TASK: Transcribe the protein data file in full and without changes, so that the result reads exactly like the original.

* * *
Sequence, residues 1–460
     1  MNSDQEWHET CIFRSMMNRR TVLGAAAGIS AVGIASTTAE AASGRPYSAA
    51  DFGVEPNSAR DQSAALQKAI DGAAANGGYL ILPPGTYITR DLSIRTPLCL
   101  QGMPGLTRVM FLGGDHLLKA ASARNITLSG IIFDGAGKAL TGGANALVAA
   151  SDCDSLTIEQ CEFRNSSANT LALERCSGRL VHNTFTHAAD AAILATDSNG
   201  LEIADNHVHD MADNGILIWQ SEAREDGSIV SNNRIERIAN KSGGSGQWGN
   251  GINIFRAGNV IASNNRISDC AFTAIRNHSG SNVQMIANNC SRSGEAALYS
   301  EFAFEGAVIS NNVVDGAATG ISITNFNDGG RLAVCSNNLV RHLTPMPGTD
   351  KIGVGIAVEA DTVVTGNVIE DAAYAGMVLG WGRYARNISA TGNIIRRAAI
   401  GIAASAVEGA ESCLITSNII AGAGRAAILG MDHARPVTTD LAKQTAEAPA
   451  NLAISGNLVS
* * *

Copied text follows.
Sequence, residues 1–460
     1  MNSDQEWHET CIFRSMMNRR TVLGAAAGIS AVGIASTTAE AASGRPYSAA
    51  DFGVEPNSAR DQSAALQKAI DGAAANGGYL ILPPGTYITR DLSIRTPLCL
   101  QGMPGLTRVM FLGGDHLLKA ASARNITLSG IIFDGAGKAL TGGANALVAA
   151  SDCDSLTIEQ CEFRNSSANT LALERCSGRL VHNTFTHAAD AAILATDSNG
   201  LEIADNHVHD MADNGILIWQ SEAREDGSIV SNNRIERIAN KSGGSGQWGN
   251  GINIFRAGNV IASNNRISDC AFTAIRNHSG SNVQMIANNC SRSGEAALYS
   301  EFAFEGAVIS NNVVDGAATG ISITNFNDGG RLAVCSNNLV RHLTPMPGTD
   351  KIGVGIAVEA DTVVTGNVIE DAAYAGMVLG WGRYARNISA TGNIIRRAAI
   401  GIAASAVEGA ESCLITSNII AGAGRAAILG MDHARPVTTD LAKQTAEAPA
   451  NLAISGNLVS